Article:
Event Name : Martin Salt and Pepper Ash
|Start: 2660 (± 130 Years) || Years BP C-14 (raw) || |
From Fierstein (2007): "Only a few centimeters beneath the upper pale tan ash is another sharply defined and persistent pale tephra 0.5-cm thick (K-2500K in this [Angle Creek] section). Distinctive in glass composition (∼71-72 wt.% SiO2, CaO ∼1.5-1.8 wt.%) and yielding microprobe data that plot in a tight group (Fig. 13 [in original text]), this sandy layer (Md=0.35 mm; Table 1 [in original text]) is similarly coarse eastward (Md=0.34 mm) and thickens to 7 cm atop the Martin coulees (K-2661C; Figs. 3, 14 [in original text]) only 3 km SE of section K-2500. It apparently thins eastward from there, however, being only 3 cm thick in the headwaters of Angle Creek and 0.5 to 1 cm thick in the lower VTTS (K-2675; Figs. 3, 14 [in original text]). Both thickness and clast-size data point to Mount Martin as the source for this fallout. Most noteworthy of the maximum clast data in Fig. 14 [of original text] are the 1-to-1.7-cm lithics in the fall layer at the head of Angle Creek. One of the most distinctive aspects of this tephra is its "salt and pepper" look in the field. Not only is it crystal rich with pyroxenes (opx and cpx) and feldspars contributing this dark and light coloring, but it also includes a mixture of white-to-clear glass and distinctive dark brown to black, granular and friable lithic clasts. These lithics, similar in appearance to those in the mica-bearing ash, are loosely coherent crystal sand, with dark-light stratification evident in some of the larger clasts. Likely to be a sort of tuff deposit at the vent disrupted by the ash eruption, these lithic clasts-although not a unique lithology, are distinctive-add a useful identifying criterion for this tephra layer. Only in Angle Creek section K-2500 do the brown-black granular clasts (up to 8 mm in size) make up much of the sample; at the head of Angle Creek, although these tuffaceous clasts are present, the predominant lithics are the denser bedrock (Jurassic Naknek) siltstone. At other more distal locations sampled, white fibrous pumiceous granules are the dominant component, with only minor amounts of the tuffaceous lithics."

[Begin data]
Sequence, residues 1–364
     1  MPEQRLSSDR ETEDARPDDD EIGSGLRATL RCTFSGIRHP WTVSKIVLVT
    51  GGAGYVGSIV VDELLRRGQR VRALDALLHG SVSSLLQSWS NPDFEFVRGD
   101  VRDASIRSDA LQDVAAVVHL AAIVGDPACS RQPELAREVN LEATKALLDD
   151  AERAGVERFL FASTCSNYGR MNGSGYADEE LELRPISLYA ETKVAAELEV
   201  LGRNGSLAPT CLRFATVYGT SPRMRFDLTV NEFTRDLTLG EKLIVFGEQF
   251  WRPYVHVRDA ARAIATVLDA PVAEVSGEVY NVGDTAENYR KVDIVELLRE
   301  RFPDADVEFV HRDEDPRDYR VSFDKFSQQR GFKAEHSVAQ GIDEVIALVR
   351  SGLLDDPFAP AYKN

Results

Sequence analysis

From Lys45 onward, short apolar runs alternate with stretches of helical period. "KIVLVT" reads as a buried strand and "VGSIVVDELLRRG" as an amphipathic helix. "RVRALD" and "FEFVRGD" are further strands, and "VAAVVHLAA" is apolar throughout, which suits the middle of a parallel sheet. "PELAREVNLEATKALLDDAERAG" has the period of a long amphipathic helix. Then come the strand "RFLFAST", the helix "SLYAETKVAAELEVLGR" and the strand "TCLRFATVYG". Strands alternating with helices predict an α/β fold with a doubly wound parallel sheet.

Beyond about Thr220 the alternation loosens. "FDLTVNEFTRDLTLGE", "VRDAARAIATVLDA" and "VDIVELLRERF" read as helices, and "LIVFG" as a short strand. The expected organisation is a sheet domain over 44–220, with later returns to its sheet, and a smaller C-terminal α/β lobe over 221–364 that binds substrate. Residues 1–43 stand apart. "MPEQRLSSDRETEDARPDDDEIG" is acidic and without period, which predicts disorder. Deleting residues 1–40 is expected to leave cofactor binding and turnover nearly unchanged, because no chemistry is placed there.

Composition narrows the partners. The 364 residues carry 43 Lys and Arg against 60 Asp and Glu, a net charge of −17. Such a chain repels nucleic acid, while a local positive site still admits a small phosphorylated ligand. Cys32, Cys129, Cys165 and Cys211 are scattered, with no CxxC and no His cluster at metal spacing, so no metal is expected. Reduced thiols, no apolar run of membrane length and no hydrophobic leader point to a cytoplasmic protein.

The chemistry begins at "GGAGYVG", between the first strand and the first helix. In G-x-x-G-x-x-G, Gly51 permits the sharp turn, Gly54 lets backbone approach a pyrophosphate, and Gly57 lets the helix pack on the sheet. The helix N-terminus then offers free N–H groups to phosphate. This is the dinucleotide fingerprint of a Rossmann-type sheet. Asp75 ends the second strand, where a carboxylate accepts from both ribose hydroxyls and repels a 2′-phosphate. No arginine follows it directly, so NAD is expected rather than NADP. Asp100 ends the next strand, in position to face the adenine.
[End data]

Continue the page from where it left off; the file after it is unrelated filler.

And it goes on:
"At all three locations with microprobe data, the glass plots in a tight group distinctively less silicic than all the tephras from Mount Mageik (e.g., lower grey and ODLF) and more silicic than those thought to be from Mount Peulik (e.g., upper grey; Fig. 13a [in original text]). FeTi-oxide data from these same three samples are less definitive, however, especially because some of the magnetite may have been derived from the friable, tuffaceous lithics; K-2500K has a bimodal distribution of low and high-MgO magnetite (2.2 wt.% and 4.2 wt.% MgO), K-2675A has magnetite that spans that entire range, and K-2661C has magnetite restricted to ∼2.2 wt.% MgO (Fig. 13b [in original text]). Of note is that this range of magnetite compositions is similar to that from other tephra layers suggested here to have been derived from Mount Peulik (upper grey ash, mafic orange fine ash, and mafic crystal ash). Relatively coarse grain size and thickness distribution, however, preclude Mount Peulik as a source for this ash layer. Instead, this tephra may have erupted during growth of the summit-forming ejecta cone (∼59-61 wt.% SiO2) that caps the stubby dacite lava flows high on Mount Martin (∼64 wt.% SiO2; Figs. 7, 8 in Fierstein and Hildreth 2001), which are in turn perched atop the older major mid-Holocene sprawling dacite coulees in Angle Creek (∼60-63 wt.% SiO2). 14C ages for soils loosely bracket the "salt and pepper" ash ("K" in section K-2500 in original text) between 2,310+/-120 and 3,355+/-135, and soil directly beneath the ash atop the Martin coulees (section K-2661 in original text) yields 2,700+/-100 and beneath the ash in upper Angle Creek (K-2069) yields 2,515+/-195. On this basis, and considering that the upper pale tan ash was also deposited during this interval, the favored deposition time for the salt and pepper ash is between 2,700 and 2,800 14C years B.P."